Tesla earnings miss the mark, stock turns lower as Elon Musk tempers Cybertruck expectations


Tesla Inc. investors initially looked past an earnings miss for the EV maker on Wednesday, focusing on some good news about the Cybertruck, but stock gains vanished after Chief Executive Elon Musk threw cold water on optimism about the electric pickup truck.

Tesla shares
rallied as much as 2% following the company’s third-quarter results after the bell, but at last check were down more than 3% in after-hours trading.

“I just want to temper expectations for Cybertruck,” Musk said during a call with analysts and investors after the results.

It will take a year to 18 months before the Cybertruck turns into a cash-flow contributor, he said, and there will be “challenges” to reaching volume production.

“I wish there was a way for it to be different, but that’s my best guess,” Musk said. “It’s our best product ever, but it is going to require immense work to reach volume production.”

Demand for the electric pickup is “off the charts,” Musk said, adding that more than 1 million people have submitted reservations for vehicle.

Don’t miss: Elon Musk says Cybertruck sales will start Nov. 30

“It is not a demand issue, but we have to make it and we have to make it at a price people can afford,” Musk said. When pressed for production expectations, Musk said he’d expect Tesla to be able to produce a quarter of a million Cybertrucks a year by 2025.

Musk’s comments on the call also included far-reaching criticism of high interest rates and concerns about the global economy and the overall health of the car industry. “I don’t want to be at top speed into uncertainty,” he said.

Earlier Wednesday afternoon, Tesla
said it earned $1.85 billion, or 53 cents a share, in the third quarter, compared with $3.3 billion, or 95 cents a share, in the year-ago period. Adjusted for one-time items, the company earned 66 cents a share.

Revenue rose 9% to $23.35 billion, the company said.

Analysts surveyed by FactSet expected Tesla to report adjusted third-quarter earnings of 73 cents a share on sales of $24.2 billion.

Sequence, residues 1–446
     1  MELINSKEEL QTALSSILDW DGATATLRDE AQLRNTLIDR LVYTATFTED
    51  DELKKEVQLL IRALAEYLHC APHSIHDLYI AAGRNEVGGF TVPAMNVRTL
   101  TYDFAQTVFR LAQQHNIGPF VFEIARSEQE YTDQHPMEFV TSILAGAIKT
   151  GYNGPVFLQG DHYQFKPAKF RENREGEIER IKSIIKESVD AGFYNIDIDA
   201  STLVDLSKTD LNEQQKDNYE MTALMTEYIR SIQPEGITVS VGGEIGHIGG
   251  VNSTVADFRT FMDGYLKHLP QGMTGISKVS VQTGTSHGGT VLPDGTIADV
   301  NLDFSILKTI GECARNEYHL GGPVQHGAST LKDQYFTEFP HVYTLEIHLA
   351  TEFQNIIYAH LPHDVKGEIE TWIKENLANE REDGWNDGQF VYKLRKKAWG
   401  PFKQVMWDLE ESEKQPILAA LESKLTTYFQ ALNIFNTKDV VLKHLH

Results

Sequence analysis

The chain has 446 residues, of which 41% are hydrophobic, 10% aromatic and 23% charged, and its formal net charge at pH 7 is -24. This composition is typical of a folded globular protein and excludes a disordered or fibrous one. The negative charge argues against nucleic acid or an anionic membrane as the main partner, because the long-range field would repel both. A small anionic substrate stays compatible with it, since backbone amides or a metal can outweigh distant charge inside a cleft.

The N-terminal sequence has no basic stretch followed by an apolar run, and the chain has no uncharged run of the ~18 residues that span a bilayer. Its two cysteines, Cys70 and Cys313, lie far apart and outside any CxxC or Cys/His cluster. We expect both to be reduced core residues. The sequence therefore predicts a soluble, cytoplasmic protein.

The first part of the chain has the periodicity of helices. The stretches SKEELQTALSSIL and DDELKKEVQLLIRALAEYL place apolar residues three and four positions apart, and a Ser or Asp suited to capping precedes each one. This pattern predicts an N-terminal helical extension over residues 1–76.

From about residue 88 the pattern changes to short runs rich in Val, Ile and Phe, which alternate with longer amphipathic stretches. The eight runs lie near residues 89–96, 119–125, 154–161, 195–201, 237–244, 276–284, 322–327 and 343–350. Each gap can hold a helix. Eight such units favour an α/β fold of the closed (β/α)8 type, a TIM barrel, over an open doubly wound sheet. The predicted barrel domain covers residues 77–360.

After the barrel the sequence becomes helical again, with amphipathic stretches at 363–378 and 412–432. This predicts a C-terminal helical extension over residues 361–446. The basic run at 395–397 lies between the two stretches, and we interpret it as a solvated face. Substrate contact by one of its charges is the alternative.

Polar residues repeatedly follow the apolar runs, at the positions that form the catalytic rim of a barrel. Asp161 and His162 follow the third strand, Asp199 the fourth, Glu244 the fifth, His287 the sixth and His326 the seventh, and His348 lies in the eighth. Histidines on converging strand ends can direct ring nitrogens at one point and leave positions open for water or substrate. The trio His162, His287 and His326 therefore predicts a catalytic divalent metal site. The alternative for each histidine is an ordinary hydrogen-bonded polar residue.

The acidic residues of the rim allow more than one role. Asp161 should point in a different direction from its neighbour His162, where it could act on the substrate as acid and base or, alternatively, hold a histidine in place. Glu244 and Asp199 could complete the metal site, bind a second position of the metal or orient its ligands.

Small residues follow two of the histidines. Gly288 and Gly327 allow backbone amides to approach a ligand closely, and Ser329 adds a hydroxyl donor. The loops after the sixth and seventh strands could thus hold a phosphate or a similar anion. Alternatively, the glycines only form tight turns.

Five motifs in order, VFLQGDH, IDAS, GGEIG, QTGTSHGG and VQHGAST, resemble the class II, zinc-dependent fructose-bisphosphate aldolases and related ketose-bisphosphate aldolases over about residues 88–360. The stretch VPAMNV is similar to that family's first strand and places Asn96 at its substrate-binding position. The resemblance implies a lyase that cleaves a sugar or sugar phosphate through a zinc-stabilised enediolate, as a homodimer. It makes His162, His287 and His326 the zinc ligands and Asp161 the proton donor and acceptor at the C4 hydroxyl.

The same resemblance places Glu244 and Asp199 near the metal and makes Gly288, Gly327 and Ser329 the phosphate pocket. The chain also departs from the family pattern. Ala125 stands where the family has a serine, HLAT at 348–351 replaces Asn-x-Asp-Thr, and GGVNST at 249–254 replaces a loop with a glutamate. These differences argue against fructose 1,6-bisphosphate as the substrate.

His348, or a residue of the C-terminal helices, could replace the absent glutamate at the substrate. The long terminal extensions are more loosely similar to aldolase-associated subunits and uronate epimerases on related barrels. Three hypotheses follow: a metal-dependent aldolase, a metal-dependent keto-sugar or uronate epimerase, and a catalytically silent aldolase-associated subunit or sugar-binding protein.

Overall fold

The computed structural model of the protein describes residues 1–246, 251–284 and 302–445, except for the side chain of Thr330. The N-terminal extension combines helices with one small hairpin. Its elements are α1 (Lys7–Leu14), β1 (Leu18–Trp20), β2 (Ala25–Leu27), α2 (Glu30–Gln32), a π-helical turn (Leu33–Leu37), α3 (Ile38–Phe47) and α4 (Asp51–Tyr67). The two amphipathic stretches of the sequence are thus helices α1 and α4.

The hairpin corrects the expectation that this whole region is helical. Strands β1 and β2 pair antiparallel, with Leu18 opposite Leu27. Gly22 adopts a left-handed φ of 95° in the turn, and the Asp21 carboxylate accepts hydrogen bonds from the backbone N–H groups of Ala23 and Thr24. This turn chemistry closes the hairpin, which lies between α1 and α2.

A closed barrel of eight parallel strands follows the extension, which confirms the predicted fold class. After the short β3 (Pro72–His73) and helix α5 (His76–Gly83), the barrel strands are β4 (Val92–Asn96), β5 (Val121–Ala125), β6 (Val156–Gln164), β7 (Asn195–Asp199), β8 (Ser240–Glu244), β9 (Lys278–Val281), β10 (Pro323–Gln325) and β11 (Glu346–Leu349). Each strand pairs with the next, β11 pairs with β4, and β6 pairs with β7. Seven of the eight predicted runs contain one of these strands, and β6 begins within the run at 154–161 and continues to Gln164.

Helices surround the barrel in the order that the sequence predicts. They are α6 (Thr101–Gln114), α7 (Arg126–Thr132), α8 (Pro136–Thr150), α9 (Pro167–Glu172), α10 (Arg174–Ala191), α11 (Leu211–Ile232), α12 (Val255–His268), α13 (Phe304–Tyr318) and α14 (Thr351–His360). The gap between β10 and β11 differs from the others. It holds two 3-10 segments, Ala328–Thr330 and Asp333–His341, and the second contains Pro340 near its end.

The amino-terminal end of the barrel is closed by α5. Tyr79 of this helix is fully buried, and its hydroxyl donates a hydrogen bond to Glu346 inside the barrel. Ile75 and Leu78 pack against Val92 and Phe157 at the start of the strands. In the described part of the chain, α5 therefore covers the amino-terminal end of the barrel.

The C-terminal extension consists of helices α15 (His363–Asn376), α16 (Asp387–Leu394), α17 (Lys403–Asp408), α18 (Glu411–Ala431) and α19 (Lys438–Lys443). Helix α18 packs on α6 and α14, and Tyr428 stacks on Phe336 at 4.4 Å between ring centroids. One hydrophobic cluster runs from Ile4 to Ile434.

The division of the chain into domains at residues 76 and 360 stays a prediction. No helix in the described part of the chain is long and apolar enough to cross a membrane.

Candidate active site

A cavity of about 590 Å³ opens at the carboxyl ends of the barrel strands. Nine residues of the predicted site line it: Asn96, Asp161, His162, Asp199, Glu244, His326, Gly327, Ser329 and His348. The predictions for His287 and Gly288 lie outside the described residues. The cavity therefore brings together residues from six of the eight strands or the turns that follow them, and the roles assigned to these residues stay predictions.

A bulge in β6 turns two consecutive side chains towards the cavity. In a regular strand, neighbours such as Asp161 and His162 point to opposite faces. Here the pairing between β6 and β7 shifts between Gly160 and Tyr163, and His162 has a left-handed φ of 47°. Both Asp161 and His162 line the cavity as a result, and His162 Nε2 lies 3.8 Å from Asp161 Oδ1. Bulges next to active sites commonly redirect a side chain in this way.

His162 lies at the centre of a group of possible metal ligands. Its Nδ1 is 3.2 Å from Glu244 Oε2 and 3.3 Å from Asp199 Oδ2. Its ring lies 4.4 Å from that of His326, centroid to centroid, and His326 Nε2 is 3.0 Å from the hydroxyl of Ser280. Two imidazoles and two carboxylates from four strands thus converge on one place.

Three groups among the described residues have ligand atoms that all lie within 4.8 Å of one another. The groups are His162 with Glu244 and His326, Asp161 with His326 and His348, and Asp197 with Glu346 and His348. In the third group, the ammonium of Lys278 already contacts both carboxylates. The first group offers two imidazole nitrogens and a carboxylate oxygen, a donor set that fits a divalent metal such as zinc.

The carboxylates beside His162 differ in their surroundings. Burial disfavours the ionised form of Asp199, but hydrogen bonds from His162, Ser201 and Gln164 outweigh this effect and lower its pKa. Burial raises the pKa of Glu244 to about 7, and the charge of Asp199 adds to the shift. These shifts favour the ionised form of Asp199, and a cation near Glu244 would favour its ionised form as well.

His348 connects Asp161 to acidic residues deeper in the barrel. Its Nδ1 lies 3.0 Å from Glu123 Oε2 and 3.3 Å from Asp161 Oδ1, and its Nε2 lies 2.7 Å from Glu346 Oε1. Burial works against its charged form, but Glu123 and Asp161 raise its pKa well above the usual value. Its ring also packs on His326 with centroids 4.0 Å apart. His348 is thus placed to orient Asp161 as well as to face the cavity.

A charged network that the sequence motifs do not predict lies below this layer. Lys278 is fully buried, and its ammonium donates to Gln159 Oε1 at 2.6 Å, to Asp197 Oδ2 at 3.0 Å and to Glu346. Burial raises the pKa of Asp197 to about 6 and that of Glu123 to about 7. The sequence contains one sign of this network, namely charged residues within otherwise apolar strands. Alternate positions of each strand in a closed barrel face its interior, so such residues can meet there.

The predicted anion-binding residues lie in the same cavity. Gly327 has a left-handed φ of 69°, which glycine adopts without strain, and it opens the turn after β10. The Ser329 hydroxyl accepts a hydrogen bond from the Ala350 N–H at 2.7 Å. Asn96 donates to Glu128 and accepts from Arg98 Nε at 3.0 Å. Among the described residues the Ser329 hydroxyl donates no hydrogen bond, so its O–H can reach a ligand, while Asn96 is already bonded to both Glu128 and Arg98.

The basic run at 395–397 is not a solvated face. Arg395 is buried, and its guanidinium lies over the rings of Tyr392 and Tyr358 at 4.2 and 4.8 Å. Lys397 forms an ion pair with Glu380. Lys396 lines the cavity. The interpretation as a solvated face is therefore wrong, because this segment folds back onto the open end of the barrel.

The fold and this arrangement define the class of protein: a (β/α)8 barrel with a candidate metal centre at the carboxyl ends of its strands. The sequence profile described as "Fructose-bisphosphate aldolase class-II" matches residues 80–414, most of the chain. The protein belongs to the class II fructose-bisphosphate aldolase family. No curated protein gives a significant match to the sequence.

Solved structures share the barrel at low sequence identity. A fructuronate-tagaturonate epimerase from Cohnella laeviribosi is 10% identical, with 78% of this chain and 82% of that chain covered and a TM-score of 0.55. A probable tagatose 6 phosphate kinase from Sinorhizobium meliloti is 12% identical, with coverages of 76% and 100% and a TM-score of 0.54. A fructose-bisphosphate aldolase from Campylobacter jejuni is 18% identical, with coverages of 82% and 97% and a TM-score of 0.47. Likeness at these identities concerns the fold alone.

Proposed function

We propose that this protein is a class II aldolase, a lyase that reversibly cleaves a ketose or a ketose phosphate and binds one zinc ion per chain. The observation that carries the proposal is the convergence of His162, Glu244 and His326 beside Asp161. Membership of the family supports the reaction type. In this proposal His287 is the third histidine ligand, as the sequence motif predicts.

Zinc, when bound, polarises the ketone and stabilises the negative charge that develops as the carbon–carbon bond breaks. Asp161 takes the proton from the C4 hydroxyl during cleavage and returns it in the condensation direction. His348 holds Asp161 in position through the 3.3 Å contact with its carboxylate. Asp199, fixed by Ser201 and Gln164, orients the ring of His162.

Gross margins were 17.9%, a drop from 18.2% in the second quarter, and 25.1% in the third quarter of 2022. Analyst expectations hovered around gross margins around 17.7%.

Tesla’s results “contained a number of unique/’one-time’ positives,” including credits, that added 7 cents to 8 cents to the bottom line, Barclays analyst Dan Levy said in a note Wednesday. Company comments in its letter to shareholders about its factories pointed to softer demand, he said.

In the letter, Tesla said it began a “pilot production” of the Cybertruck at its plant in Texas, and that the first deliveries of the electric pickup remain on track for later this year. Musk tweeted about a sales event on Nov. 30.

The company also said it expects to grow Model Y production at the Austin, Texas, factory “very gradually.” It called for a similar ramp-up of Model Y production at its Berlin plant.

Tesla’s Shanghai factory, whose recent downtime played a part in Tesla missing third-quarter deliveries expectations, “has been successfully running near full capacity for several quarters, and we do not expect a meaningful increase in weekly production run rate,” Tesla said. “Giga Shanghai remains our main export hub.”

Investors have focused on Tesla’s gross margins amid several rounds of price cuts, the latest of which were announced earlier this month.

The outlook for the fourth quarter was also highly anticipated. That was kept intact on Wednesday, with Tesla saying that it expects to “remain ahead” of its long-term 50% compound annual growth rate this year, producing about 1.8 million vehicles in 2023.

The EV maker earlier this month reported quarterly sales numbers that were below expectations. Some Wall Street analysts have estimated that deliveries of tens of thousands of Teslas will be shifted to the end of the year due to the longer-than-expected downtimes in Shanghai and Texas factories.

Tesla shares have more than doubled this year, compared with an advance of around 13% for the S&P 500 index

Las Vegas News Magazine

Leave A Reply

Your email address will not be published.

This website uses cookies to improve your experience. We'll assume you're ok with this, but you can opt-out if you wish. Accept Read More